Truckee-Carson Irrigation District may sell water to Stillwater |

Truckee-Carson Irrigation District may sell water to Stillwater

Cory McConnell

FALLON – After holding on to its extra water for the past three years, the Truckee-Carson Irrigation District may decide to cash it out this year.

For each of the past four years, the irrigation district has received extra water as an award for exceeding efficiency goals in sending water out to farmers’ fields around Fallon.

In total, the U.S. Bureau of Reclamation has awarded the district 30,000 acre-feet from 1999 to 2003.

In the past, the irrigation district has held onto the water so it could meet farmers’ demands in extreme droughts. Due to evaporation, about 23,500 acre-feet of the credit water remains in Lahontan Reservoir.

This year an inquiry from one of the district’s board members has led officials to explore selling the water.

The U.S. Fish and Wildlife Service has offered to make a one-time purchase of whatever credit water the district may be willing to sell for the Stillwater National Wildlife Refuge.

“We offered $50 an acre-foot for what water is delivered to the (refuge’s) headgates,” said Richard Grimes of the Wildlife Service.

If the district were to sell all the credit water remaining in the reservoir and meet the 68.5 percent water delivery efficiency rate it maintained last year, nearly 16,100 acre-feet would make it to the refuge.

At $50 per acre-foot, the district would make a little more than $800,000 on the deal.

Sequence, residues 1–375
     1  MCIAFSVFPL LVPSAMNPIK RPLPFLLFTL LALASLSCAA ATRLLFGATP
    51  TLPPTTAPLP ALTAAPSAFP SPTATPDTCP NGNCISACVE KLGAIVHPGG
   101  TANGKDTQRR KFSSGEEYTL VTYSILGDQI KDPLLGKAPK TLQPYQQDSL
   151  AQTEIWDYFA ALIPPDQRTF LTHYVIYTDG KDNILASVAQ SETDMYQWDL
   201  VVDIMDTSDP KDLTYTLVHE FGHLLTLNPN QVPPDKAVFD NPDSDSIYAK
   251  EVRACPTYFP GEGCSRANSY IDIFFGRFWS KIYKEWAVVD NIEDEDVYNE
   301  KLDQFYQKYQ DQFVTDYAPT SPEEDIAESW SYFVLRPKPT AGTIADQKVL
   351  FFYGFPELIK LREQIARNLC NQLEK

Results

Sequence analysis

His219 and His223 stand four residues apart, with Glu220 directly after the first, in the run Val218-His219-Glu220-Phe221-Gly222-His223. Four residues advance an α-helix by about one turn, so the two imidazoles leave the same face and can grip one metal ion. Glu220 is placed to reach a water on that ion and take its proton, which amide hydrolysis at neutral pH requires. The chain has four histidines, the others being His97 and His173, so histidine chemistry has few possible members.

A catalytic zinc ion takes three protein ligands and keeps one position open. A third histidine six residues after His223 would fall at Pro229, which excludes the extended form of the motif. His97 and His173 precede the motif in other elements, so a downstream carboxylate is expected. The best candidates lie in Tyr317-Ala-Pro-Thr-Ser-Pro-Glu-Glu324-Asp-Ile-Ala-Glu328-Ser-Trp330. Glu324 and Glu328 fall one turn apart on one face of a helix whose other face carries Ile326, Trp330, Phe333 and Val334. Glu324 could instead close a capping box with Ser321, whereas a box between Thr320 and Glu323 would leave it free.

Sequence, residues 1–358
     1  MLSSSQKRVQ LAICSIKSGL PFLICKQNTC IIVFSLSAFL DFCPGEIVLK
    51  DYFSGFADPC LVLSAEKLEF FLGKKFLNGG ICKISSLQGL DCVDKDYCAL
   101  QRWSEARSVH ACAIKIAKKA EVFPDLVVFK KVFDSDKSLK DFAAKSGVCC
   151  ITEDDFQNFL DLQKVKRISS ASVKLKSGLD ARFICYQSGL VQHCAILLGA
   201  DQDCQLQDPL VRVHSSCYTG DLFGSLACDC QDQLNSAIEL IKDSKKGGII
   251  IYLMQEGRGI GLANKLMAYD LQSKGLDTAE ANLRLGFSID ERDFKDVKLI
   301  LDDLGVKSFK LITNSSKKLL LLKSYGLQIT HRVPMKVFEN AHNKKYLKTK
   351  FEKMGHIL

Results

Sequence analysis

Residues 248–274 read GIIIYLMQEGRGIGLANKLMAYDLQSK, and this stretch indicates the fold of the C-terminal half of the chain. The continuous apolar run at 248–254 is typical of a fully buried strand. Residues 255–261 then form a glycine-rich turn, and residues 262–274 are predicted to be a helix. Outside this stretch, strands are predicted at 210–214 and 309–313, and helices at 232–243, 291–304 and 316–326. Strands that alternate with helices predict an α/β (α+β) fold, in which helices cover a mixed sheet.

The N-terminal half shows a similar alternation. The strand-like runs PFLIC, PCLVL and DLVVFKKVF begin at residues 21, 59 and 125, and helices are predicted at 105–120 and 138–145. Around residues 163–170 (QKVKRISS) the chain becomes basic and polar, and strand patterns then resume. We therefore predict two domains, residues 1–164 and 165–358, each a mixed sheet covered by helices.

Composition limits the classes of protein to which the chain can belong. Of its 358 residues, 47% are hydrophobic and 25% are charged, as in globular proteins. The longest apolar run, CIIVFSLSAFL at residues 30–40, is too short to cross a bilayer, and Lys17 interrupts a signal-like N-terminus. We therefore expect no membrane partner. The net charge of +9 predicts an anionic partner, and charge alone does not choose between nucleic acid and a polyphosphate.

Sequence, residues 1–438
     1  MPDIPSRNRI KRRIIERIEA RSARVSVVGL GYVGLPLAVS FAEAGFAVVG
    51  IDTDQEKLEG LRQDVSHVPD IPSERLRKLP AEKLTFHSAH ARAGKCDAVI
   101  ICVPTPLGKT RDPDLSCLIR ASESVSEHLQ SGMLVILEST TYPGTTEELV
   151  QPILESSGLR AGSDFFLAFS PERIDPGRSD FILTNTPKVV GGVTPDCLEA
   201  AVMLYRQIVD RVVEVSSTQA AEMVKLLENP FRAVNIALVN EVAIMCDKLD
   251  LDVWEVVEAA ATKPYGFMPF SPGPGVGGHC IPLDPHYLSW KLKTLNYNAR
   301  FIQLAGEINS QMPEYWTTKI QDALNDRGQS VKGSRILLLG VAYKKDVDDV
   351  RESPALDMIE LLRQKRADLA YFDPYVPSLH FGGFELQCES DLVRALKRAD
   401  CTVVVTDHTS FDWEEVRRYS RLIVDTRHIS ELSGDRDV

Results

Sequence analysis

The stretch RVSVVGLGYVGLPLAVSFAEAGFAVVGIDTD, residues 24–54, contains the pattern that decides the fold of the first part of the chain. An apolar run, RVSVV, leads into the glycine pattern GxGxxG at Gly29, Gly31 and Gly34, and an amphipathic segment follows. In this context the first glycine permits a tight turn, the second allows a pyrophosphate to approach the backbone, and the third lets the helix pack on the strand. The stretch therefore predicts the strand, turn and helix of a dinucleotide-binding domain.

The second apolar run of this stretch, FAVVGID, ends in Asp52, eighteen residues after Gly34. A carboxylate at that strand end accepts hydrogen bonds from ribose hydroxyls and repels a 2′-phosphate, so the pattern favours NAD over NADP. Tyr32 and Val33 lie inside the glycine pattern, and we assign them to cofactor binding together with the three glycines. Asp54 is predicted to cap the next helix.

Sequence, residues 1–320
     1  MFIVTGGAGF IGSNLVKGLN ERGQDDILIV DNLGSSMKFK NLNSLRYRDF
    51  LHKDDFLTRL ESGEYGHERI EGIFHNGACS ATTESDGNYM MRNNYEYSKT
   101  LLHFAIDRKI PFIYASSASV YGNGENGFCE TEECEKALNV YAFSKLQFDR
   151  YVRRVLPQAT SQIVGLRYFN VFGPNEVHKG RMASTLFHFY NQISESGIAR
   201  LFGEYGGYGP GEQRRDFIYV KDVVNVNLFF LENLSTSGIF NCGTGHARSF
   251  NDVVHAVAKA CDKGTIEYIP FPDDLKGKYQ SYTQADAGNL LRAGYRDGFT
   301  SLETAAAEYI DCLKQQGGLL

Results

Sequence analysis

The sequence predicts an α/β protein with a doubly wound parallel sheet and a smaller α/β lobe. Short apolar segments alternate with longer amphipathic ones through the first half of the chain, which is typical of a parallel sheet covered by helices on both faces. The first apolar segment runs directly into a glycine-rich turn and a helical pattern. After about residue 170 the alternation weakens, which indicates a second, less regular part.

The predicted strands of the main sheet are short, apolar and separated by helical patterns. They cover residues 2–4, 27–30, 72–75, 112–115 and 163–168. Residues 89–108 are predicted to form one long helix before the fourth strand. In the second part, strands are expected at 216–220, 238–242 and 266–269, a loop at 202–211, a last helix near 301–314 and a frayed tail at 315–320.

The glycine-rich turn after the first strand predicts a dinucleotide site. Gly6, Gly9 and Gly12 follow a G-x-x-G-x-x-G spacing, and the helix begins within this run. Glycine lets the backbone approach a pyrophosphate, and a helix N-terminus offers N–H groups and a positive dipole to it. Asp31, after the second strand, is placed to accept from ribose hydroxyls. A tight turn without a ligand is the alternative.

District officials have scheduled a closed-door meeting with attorneys to “discuss any potential legal matters involved in selling the water,” said district project manager Lyman McConnell.

In the past, when the district wanted to give the refuge extra water, the Bureau of Reclamation quashed the plan, saying the wetlands could only receive as much water as its water-right allocation.

Use of the credit water, however, is supposed to be at the district’s discretion.

When asked if the district could sell its credit water to the refuge this year, McConnell said the bureau wanted to see a completed sales agreement before answering.

The credit water is also a possible source to help repay the Pyramid Lake Paiute Tribe nearly 200,000 acre-feet of water, which U.S. District Court Judge Howard McKibben ruled the district over-diverted from the Truckee River between 1973 to 1988. District officials must now find a way to pay that water back to the tribe and the lake.

The decision was a partial victory, since the tribe was seeking between 1.1 million and 1.5 million acre-feet of water to be repaid.

A status conference to begin working out a repayment plan is scheduled for later this spring, McConnell said.

If the district decides it would be best to sell off its credit water before it evaporates or is lost to spillage, Grimes said the refuge will buy some or all of it. Whatever the district decides is fine with the refuge, he said.

While refuge officials prefer collecting their water in spring in an attempt to mimic the spring Sierra Nevada runoff that created the wetlands, Grimes said the refuge would be willing to take the credit water any time the district delivered it.

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